View Thread: Weight is an advantage?


Pennzoil GT-R
Everything ive ever been told or taught points to weight being a disadvantage in cornering. However over at gtr.co.uk there is a member who is usually very knowledgeable about most things physics related, and he seems to believe that in two identical cars, one weighing 1 tonne, and the other weighing 2 tonnes. The two tonne car will corner quicker. So what gives?

mustangdriver
Sounds like crap to me :D They don't try to add weight to race cars to help them corner....

Sia Bani
Well, let's think this out...

I can understand what your knowledgeable bud is saying. He's talking about momentum, inertia, etc...

First let me say that it's obvious everyone wants a lighter car. Weight is an advantage on a corner, but overall it's an obvious disadvantage etc.

That's the main issue...it's like saying a cargo plane will fly faster if it was much smaller, and weighed less. That's obvious, but it won't serve it's overall purpose.

Sia Bani
moved to garage.

Carlos Carrera
it depends...... on the curve,
what ur friend might told u, is that more weight = more gravity force against the wheels (suspension, tires) so more grip, but theres another physical fenomena, called inertia.. if the curve is not wide, the weight of the car could break the tire grip and understeer.

lexus1581
Well how about this. With more weight more downforce is created at higher speeds. This then leads to better grip, and handling compared to a lighter car. The heavier car as long as its just as agile as a lighter car should be able to perform just as well or better than the lighter car according to physics.

Just my insight.

Sia Bani
Carlos, the force of gravity won't change on the car; it's not depnedent on the weight of the car.

And about inertia...my theory is that it would be the exact opposite of what you said. The car will tend not to lean as much because of the heavier weight, and therefore can turn easier.

911GT2
Wait for a long, drawn out reply.

911GT2
And carlos is right. Weight=mg. Mass times gravitational force constant. More mass=more gravitational pull, or force.

Sia Bani
Originally posted by 911GT2
And carlos is right. Weight=mg. Mass times gravitational force constant. More mass=more gravitational pull, or force.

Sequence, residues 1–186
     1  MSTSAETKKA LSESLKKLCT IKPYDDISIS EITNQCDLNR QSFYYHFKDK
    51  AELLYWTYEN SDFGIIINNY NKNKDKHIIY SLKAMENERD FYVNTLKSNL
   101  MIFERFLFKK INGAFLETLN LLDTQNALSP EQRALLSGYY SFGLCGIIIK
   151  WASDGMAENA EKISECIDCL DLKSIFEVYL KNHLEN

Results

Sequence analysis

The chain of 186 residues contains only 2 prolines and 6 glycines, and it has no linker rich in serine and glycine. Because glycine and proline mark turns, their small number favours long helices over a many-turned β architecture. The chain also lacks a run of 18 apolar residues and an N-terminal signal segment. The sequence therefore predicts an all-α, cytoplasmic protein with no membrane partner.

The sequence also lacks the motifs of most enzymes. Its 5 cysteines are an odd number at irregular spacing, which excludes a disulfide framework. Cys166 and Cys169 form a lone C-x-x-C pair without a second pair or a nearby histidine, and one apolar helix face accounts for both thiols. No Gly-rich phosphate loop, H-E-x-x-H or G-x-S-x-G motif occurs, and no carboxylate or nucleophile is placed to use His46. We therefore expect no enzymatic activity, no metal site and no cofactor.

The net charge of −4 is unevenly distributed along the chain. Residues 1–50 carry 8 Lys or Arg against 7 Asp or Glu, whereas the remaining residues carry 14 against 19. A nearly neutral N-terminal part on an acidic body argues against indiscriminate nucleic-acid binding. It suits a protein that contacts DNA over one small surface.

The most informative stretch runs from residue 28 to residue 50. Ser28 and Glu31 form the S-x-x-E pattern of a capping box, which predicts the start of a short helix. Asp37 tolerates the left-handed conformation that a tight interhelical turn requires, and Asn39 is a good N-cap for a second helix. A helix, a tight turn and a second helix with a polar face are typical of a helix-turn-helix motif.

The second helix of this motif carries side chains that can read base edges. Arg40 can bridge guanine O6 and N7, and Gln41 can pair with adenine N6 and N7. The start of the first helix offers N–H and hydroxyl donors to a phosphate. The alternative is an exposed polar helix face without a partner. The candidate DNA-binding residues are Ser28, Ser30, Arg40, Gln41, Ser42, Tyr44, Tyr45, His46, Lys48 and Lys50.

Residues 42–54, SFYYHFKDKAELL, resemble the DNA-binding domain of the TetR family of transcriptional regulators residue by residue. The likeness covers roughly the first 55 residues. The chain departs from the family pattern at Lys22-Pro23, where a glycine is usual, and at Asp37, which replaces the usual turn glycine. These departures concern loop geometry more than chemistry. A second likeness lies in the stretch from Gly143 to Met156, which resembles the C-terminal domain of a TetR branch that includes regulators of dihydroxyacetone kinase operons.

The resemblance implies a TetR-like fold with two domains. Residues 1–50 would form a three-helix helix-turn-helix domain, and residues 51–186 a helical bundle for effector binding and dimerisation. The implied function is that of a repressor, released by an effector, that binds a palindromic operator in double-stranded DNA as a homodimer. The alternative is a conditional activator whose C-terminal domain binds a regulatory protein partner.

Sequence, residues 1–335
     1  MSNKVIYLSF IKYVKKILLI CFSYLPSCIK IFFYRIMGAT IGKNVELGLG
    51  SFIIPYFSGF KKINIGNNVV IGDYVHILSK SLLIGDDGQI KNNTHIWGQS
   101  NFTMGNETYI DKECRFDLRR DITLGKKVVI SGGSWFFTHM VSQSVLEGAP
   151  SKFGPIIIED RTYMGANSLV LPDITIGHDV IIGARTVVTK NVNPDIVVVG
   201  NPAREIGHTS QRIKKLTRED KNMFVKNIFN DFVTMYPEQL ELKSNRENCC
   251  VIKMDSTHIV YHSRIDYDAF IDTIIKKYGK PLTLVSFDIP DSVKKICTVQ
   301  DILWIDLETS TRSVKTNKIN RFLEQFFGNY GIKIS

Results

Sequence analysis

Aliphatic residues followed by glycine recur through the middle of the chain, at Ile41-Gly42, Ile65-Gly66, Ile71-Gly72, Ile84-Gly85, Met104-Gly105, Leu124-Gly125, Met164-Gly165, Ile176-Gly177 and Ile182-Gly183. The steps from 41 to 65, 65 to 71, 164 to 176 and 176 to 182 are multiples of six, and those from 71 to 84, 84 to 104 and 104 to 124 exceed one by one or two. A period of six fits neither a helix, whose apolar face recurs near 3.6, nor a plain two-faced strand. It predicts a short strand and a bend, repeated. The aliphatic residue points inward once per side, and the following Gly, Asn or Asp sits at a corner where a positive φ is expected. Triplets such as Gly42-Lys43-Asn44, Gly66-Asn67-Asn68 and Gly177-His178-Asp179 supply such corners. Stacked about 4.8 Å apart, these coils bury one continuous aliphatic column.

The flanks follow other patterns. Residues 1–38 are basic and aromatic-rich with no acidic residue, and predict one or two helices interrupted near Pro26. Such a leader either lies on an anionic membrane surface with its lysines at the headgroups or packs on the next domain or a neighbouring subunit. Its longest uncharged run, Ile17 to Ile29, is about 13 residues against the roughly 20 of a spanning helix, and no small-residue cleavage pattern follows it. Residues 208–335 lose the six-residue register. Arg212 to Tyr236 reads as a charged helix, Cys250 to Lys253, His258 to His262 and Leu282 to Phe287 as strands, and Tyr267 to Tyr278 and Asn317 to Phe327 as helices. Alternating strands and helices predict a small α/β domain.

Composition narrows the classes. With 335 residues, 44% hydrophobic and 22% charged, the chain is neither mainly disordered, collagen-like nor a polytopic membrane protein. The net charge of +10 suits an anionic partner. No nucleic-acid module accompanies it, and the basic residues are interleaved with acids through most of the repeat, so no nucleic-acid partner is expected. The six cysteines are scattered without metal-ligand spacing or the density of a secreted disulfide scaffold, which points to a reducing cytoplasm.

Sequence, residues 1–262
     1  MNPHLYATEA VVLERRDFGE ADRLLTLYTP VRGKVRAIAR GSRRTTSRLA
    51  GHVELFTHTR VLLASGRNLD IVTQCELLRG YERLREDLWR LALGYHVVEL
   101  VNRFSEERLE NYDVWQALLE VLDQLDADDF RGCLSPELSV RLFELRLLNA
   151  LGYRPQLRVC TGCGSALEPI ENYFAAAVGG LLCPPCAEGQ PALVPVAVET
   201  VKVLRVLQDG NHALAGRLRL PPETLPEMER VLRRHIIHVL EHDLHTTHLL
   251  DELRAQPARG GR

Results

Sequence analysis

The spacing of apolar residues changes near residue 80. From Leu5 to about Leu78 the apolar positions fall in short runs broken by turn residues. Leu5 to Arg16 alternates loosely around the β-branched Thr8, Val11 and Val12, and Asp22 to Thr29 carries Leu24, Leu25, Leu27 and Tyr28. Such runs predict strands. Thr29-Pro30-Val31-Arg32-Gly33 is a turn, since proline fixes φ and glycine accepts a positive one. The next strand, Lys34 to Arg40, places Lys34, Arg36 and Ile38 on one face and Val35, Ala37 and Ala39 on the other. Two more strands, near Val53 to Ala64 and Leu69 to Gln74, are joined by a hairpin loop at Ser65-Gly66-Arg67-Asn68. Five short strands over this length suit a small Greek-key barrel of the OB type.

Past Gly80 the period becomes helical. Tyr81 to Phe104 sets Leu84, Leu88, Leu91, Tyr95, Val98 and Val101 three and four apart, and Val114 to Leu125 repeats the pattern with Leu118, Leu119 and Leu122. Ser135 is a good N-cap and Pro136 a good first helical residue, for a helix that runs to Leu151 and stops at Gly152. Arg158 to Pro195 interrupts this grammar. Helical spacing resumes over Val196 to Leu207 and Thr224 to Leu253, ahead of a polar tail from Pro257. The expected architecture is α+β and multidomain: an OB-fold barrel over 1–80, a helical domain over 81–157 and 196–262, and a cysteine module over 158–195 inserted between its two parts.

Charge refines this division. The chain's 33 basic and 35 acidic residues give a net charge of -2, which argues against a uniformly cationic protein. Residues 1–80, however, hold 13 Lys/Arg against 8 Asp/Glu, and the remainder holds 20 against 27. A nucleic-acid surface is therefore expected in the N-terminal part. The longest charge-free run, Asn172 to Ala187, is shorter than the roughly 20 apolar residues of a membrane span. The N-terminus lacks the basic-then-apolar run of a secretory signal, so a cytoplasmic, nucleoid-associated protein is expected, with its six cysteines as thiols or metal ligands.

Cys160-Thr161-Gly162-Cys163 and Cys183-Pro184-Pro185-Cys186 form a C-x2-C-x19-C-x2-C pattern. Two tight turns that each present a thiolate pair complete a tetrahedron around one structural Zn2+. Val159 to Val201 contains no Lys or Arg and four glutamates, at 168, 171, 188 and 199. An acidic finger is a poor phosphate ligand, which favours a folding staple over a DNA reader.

weight does equal mg...but the "FORCE" of gravity is constant. :banghead: Weight depends on gravity, not the other way around.

911GT2
Originally posted by Sia Bani
weight does equal mg...but the "FORCE" of gravity is constant. :banghead: Weight depends on gravity, not the other way around.

Force of gravity is weight.

Stop thinking about weight, think of mass.

Sia Bani
Force of gravity is not weight.

Mass times gravity (just like you previously said :banghead: ) is weight.

Blake, I really don't feel like getting into this with you....and you're already coming off like you think you know everything.

I just finished a semester of physics, and did well.

Feel free to shoot around the bush while I eat dinner. :cheers:

911GT2
Look at the units Sia. G is measured in N/kg. Otherwise known as dependent on mass.

lexus1581
This might help in proving the heavier car is actually less likely to handle, corner, etc. better which proves a lot of us wrong including myself.
http://racingarticles.com/article_racing-3.html

911GT2
OK, first Iíll start off by saying this guy is somewhat right. Why you say?

Centripetal force, thatís why.

To start off, letís look at friction though. Given the exact same car except for the weight, one would initially think that since Frictional force (weíll call it F) equals the normal force (think of that as the gravitational force) multiplied by the coefficient of friction (a constant). So since F isnít dependent on speed, F is a constant, with the heavier car always having twice the frictional force, right?

Now we take centripetal force into account. Check this to get a jist of what it is before continuing:

http://hyperphysics.phy-astr.gsu.edu/hbase/cf.html

Now, we can call the frictional force keeping the car going at a particular radius, or call frictional force equal to centripetal force.

Centripetal force=mv^2/r

Letís look at the two situations:

Lighter car: Letís call the frictional force acting upon it F. So F=mv^2/r

Heavier car: Frictional force must equal 2F. So 2F=2mv^2/r. The 2ís cancel.

The cornering speeds are identical.

NOTE: THIS WORKS ONLY IN AN IDEAL PHYSICS ENVIRONMENT. CAPRICE OWNERS SHOULD NOT ATTEMPT A ROAD COURSE AGAINST AN ELISE!!! The physics gets quite muddled when you look at varying coefficients of friction and chassis design. Also gets fucked up when you start applying power to the wheels, this example is in a neutral gear situation.